How To Bike To The Farmers Market

On Sunday, April 15th, Heirloom Farmers Markets is teaming up with Living Streets Alliance to host Bike to the Farmers’ Market––an annual event that encourages people to hop on their bikes and ride to the Rillito Park farmers’ market. Bikers will be rewarded for their efforts with a free and secure bike valet, prizes, and entertainment. At first thought, the idea of biking to the farmers market on a sunny April morning seems quite idyllic. However, the logistics––like how to store your food, keep it cool, and get a dozen pastured eggs home safely––can seem daunting. With a bit of forethought and planning, you can bike to and from the market with little hassle or concern.

Here’s what you’ll need:

  • Bike panniers or a large backpack
  • Reusable bags
  • Ice packs, for safely transporting meat and cheese
  • Tea towel
  • Tupperware container

Begin your preparation at home. Use the “Fresh at the Market” list on our website to make a list of what you need at the market and organize the items by category: produce, meat, dairy, dry goods, etc. Once you have a tentative idea of what you’re getting at the market, you can begin to plan the best way to transport everything safely and efficiently.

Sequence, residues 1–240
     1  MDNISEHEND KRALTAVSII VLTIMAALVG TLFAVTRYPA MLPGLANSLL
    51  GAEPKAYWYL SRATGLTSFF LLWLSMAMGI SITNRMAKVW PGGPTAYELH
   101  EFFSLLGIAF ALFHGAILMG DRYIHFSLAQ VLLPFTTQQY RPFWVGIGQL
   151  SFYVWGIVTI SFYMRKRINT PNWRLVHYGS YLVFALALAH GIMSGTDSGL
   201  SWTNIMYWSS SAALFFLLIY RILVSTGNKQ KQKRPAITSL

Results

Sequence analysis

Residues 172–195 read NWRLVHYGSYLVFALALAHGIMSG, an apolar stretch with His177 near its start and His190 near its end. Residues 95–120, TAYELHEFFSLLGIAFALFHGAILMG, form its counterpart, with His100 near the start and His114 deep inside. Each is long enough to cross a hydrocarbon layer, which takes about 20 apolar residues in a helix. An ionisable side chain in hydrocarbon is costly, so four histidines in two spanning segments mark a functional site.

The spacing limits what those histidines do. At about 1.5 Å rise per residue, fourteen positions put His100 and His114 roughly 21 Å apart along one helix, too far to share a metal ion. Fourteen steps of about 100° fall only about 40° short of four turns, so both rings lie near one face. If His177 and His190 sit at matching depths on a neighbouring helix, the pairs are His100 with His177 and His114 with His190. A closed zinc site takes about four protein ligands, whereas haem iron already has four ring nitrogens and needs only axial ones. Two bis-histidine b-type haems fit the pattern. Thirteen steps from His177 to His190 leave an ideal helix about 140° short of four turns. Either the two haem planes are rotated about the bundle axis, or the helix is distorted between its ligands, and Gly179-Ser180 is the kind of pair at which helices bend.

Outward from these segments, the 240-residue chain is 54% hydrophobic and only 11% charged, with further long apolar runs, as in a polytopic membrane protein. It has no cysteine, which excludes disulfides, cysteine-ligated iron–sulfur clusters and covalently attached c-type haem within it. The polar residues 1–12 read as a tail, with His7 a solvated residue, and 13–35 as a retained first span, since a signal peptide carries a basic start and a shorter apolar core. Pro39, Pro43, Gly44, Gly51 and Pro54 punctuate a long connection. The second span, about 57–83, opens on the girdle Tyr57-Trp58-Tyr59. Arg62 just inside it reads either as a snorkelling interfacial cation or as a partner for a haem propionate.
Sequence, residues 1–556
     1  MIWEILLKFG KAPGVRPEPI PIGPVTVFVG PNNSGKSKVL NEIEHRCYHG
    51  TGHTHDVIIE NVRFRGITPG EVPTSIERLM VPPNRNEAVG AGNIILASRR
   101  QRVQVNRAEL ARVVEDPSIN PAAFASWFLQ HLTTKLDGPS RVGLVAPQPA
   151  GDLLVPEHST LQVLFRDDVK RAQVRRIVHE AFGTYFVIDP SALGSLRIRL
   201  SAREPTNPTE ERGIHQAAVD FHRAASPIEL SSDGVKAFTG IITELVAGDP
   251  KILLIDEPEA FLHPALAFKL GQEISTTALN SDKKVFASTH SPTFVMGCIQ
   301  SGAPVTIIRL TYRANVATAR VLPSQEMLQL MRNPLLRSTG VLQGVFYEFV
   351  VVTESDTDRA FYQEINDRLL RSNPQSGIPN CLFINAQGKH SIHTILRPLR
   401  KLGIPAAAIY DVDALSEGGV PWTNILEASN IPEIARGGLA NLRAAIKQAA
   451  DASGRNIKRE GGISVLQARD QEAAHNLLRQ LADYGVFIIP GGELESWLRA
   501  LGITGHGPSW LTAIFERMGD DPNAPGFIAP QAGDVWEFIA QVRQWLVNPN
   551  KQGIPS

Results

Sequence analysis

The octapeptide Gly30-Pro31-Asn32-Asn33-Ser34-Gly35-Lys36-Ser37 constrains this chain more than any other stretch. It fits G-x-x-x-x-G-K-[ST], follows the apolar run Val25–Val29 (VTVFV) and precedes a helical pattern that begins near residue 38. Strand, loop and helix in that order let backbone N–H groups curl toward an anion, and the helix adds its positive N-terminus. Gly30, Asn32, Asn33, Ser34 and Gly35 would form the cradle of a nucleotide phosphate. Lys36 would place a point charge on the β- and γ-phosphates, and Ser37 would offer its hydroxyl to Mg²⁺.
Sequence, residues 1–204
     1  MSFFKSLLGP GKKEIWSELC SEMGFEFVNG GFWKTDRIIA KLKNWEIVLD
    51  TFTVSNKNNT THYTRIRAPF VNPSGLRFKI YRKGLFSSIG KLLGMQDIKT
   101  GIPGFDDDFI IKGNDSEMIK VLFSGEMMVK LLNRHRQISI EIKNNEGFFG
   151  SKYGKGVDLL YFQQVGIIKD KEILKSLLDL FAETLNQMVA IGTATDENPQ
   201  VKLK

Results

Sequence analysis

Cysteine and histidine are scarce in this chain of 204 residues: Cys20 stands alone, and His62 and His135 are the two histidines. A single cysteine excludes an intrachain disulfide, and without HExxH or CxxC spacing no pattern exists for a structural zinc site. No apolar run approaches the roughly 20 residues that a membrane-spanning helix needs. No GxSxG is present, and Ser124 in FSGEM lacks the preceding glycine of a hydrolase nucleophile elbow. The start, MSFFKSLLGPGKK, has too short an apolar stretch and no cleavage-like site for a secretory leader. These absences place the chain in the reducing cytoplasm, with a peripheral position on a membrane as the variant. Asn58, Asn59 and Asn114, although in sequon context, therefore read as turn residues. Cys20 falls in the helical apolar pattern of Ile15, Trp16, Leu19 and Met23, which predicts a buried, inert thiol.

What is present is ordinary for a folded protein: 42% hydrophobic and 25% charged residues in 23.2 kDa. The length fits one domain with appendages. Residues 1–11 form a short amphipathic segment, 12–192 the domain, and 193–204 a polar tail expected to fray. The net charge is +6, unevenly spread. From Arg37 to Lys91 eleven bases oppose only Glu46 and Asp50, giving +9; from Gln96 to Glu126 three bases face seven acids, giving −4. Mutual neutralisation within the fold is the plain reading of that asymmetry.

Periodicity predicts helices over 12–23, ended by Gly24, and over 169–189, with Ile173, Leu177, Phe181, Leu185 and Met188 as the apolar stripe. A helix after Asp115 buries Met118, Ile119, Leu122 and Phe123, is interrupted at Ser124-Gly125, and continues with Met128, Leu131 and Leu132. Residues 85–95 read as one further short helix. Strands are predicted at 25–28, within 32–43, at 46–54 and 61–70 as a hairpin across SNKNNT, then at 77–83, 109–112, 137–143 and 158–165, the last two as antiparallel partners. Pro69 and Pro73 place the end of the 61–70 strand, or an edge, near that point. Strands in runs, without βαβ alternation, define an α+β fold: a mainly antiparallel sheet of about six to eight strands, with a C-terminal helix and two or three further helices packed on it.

The easiest way to transport goods to and from the market on two wheels is with bike panniers, which prevent you from having to carry a heavy bag on your back; however, a large backpack can serve your needs sufficiently. Be sure to bring a reusable bag or two to gather your goods as you make your way through the market. Once you’ve collected everything you need for a delicious week of local meals, take a few minutes to step away from the market festivities and repack your bags for the ride home.

To safely transport cold-storage items like meat and cheese, pack a few frozen ice packs in your bag and use them to keep these items cool on your journey home from the market. Store these highly perishable items, along with ice packs, at the bottom of your bag. Protect fragile items, like eggs and tomatoes, from breaking and bruising by wrapping a kitchen towel or t-shirt around egg cartons and packing delicate produce in a lidded container. Store these items at the top of your bag and ensure that no heavy items are placed on top of them. Bumps in the road can prove to be a bigger threat to delicate foods, so take The Loop––and extensive and well-paved bike path––for as much of your ride as possible. Once you experience how easy it is to bike to the farmers market (and back), you’ll want to do it every week! Happy riding!